Airlines have terminology that is difficult to understand. Sometimes it feels like they've created a language all their own. It can definitely make the rest of us confused sometimes! Let's discuss some of the common terms you'll hear.
Types of Flights
For most people traveling by air, the only thing that matters is that their flight is safe, on time, and as fast and simple as possible. However, the simplicity of a flight depends on the stops. A stop occurs whenever a plane lands, and there are different types of stops. A connection is a stop that happens when the passenger gets off a plane for the purpose of boarding another plane. A layover is a flight connection ranging from as short as a half an hour upwards to 23 hours and 59 minutes. Anything under the 24-hour mark is considered a layover. Layovers can last overnight, and depending on the booking site, building in an extended layover shouldn’t change your final flight price if kept under 24 hours. A stopover refers to a connection that is over the 24 hour mark and can last multiple days (domestically a stopover is considered a connection of over four hours). Stopovers are usually found on routes that don’t have a daily frequency or if an airline's flight schedule allows for them. Stopovers can be a great tool for flyers to take some time to explore a city on the way to their final destination. Over the last few years, airlines have relaxed their stopover policies and even promoted free stopovers to entice travelers to to book them.
Depending on the stops involved, travelers might take three different types of one-way flights. A nonstop flight has no stops. A connecting flight has a stop that requires the passenger to change planes. A direct flight can have one or more stops where the passenger does not have to change planes. In some cases, however, some direct flights change planes at the stop, requiring passengers to switch planes, even though these flights are not listed as connecting flights but rather as a “change of equipment.” The government requires that passengers be notified in writing when a flight with a change in aircraft is listed as direct. This is usually indicated on your itinerary.
Many travelers use the term direct for non-stop. This is one of the most misunderstood terms. A direct flight may contain a stop(s) along the way to the final destination to bring on or take off more passengers. The key here is that a direct flight does not change its flight number despite touching down between two points, so it’s considered one continuous trip.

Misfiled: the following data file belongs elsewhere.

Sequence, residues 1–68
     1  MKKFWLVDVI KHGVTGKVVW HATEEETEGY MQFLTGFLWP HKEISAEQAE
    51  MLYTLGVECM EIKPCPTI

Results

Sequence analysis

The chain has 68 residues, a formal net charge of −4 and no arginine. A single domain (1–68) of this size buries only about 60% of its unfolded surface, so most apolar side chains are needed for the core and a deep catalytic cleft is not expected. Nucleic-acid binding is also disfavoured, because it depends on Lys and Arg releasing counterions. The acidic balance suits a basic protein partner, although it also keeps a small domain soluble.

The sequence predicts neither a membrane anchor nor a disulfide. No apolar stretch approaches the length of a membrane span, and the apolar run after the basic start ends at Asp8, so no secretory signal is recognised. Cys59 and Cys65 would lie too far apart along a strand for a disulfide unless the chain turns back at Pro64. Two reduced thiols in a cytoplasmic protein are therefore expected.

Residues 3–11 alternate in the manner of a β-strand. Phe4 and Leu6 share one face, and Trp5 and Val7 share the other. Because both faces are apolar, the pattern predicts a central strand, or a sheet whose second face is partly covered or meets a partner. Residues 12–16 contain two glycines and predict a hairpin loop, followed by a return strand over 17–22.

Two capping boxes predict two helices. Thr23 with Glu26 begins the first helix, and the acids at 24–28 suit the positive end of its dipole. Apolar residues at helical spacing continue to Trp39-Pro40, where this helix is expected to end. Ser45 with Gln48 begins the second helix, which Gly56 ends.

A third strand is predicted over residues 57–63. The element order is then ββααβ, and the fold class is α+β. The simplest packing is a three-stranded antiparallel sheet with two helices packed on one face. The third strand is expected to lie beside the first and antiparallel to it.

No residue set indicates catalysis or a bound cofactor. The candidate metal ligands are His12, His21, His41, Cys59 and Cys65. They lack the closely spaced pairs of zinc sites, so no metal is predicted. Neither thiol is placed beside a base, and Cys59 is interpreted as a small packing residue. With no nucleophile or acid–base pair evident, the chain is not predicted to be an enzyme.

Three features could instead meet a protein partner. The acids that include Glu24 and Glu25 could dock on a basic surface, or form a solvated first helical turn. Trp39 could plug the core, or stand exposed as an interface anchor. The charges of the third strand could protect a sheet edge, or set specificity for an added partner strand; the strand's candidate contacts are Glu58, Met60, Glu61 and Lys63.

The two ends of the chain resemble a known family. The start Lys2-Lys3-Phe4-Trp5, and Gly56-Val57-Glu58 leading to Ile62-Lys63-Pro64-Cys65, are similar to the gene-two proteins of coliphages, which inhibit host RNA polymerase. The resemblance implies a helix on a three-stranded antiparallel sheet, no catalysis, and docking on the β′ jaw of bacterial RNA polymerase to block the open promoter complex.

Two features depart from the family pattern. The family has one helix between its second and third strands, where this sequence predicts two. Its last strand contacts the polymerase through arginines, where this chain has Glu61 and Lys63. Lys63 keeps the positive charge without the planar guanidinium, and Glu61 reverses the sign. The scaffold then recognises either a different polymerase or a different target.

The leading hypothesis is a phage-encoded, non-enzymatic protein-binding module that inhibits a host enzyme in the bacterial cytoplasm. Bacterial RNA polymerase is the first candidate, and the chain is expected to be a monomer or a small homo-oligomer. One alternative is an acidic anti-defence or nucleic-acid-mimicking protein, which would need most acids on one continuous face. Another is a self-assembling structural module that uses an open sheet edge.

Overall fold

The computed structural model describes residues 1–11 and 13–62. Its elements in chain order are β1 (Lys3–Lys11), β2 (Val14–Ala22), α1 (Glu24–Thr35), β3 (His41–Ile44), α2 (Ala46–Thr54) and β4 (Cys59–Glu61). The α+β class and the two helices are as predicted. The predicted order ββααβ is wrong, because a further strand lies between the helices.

Types of Journeys
No matter the type of flight, there are five basic types of journeys. A one-way trip is a journey from an originating city to a destination city, with no return to the origin. The journey may be made on one or more flights and may or may not require the passenger to change planes. A round-trip is a journey that returns to the city where it began, without additional stopovers. A circle trip is like a round-trip except that the route on the return trip is different from the route on the outgoing trip. The journey involves two or more stopovers and returns to the originating city.
An open-jaw trip is like a round-trip except that the passenger either: (1) returns to a city different from the origin, or (2) departs for the return trip from a city other than the original destination. For example, a passenger might go from Seattle to Boston by plane, then to New York by car, and then return to Seattle by plane from New York. The traveler uses some form of transportation in addition to air. Open-jaws are usually booked so that a flyer can explore and travel between two destinations without having to backtrack to the arrival airport. A double open-jaw trip often is found in itineraries where there is more than one airport close to a city. For example, Chicago O'Hare to La Guardia, then returning from Newark to Chicago Midway.
As you can see, air can be complex. If you fly regularly, it is important that you have a basic understanding of what it all means.